these long summer holidays?” Again, it’s one of these throw-back things because when the school day
was starting to be structured a couple of hundred years ago, we’d release kids to go
and harvest the fields. And I don’t know about any parents here, but my kids certainly are not doing
any harvesting anymore in the, you know, the bare in the summer. I’m going to argue working from home
is a future-looking technology; I think it has an enormous potential. Now, that’s my claim. What I’m going to talk about
for the rest of the day is some evidence to support that. I wanted to collect evidence
that was scientific. My father is actually a scientist,
he does lots of drugs testing, I talked to him a lot about that. If anyone here is in the pharmaceutical industry or works
at the federal Drug Administration, you know that to prove
something like a medical device, you have to separate out
into a large pool of subjects, randomly pick some treatment
and some control, allow one to take the drug, one not to, and to follow them through
for months on end. So I wanted to do something
very much like that for working from home, to scientifically test it. I was fortunate enough that I found
a company that would do that with me, it’s called Ctrip. They are China’s largest travel agency,
they have about 20,000 employees, they’re worth about
20 billion dollars on Nasdaq. Here’s a picture
of their headquarters in Shanghai. They look like any kind of modern office: very dilbertesque,
lots of desks and cubicles, and thousands of people working,
taking calls, typing on their computers, dealing with customer complaints,
coming out with new products, managing their team. Why would they be interested
in working from home? They’re interested in working from home because Shanghai is a phenomenally
expensive place to run a business; it has incredibly expensive
property prices. And they were growing rapidly. Their aim was to try and grow,
but without increasing their office space. It’s probably a similar thought
for many people here that operate in the Bay area
or in New York or in Chicago or London or Paris or Toronto
or Tokyo or Johannesburg; wherever you are around the world, office space is becoming
very expensive in big cities. So this is what motivated them
to start down this road. Rather than to roll the whole thing out, they thought they would run
a big working-from-home experiment. So they got a large number of volunteers from two divisions,
that wanted to work from home, and they set it up
as a randomized control trial. In a very Chinese style, James Liang,
who is the CEO, pictured here, drew a ping-pong ball out of an urn. The urn said “even,” which meant
everyone who had an even birthday, so was born on the second,
the fourth, the sixth, the eighth, the tenth of the month, got to work at home
for the next nine months. If you had an odd birthday, like myself, the first, the third, the fifth,
the seventh and ninth of the month, you stayed in the office
for the next nine months. In fact, we tracked these two groups
for about two years. This was to set it up
as scientifically as we could. Now, what did we find? Oh, oh… Before we go to the results,
I should point out – Here are the people working from home. It’s not clear,
when looking at these guys, exactly what is going to happen. The person in the bottom right doesn’t look exactly
very enthusiastic to me. I’m somewhat nervous, so are they,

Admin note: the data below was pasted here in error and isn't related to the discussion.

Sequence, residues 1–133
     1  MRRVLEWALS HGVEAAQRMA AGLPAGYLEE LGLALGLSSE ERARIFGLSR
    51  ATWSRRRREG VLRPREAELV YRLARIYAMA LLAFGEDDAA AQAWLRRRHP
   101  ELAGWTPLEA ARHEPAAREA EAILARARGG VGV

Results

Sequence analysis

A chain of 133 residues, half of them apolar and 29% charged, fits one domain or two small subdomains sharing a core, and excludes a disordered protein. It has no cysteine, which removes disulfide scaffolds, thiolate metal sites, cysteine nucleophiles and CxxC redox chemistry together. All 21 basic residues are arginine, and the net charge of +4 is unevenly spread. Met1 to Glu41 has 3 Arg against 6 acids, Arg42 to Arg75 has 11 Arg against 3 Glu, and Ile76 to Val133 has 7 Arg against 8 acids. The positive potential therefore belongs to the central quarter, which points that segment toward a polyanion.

about some of these characters. In the top right is another picture to show
the downside of working from home. That’s her bed in the photo,
so she has about a four-foot commute. Which is great and very efficient. On the other hand, I personally really wouldn’t want
to spend 21-22 hours a day in the same room, day in and day out. It’s certainly not for everyone. To point out, just to get
the experiment clear, they’re typically working
in teams of 10 to 15 people, and they all have the same manager. Here’s a team manager. She’s running her team:
some of them are randomly sent home, some of them are randomly
still left in the office, but they are all working
under the same manager. Those at home come in one day a week. They may all come in on Wednesday; they’re at home on Monday,
Tuesday, Thursday, Friday, the whole team is
in the office on Wednesday. She can monitor and see what’s going on, they’re all working the same shift. The only thing that’s really changing
is where they work. So, what do we find? Before I show you the results, I want to prepare you by saying:
remember what motivated it. What motivated it is that Ctrip
was desperate to save money because they are paying an enormous amount
to house all these people in Shanghai. Their view was to save a lot of money
on getting rid of rent; they’d probably take a bit of a hit on people going home
and basically goofing off. I remember one of them saying they were worrying about them watching
the Chinese equivalent of Jerry Springer or playing computer games. They were kind of mildly pessimistic,
and they wanted to see what happens. So what do we find? Well, we found massive,
massive improvement in performances: a 13% improvement in performance
from the people working at home, which is huge! That’s almost one day a week. How on earth did this happen?
Where did this come from? It came from two things. One is: people working from home
really worked their full shift. If you’re in the office, you’re supposed to be there
at 9 till 5, Monday to Friday, but they’d often come in late
because their motorbike broke down, or they had a long lunch break because they were having a drink or two, they leave early for the cable guy. Whatever it is, they were definitely not working
all of the 9 to 5, Monday to Friday, whereas most people at home
were much better at keeping time. The second fact was it’s far easier
to concentrate at home. For all of you that have worked from home, the office is actually
an amazingly noisy environment. You’d hear stories of the person
on the desk next door, how her boyfriend has just
left her, she’s in tears; (Laughter) there’s a cake in a breakout room,
Bob’s leaving, come join; the world cup of sweepstake is going on – whatever it is, the office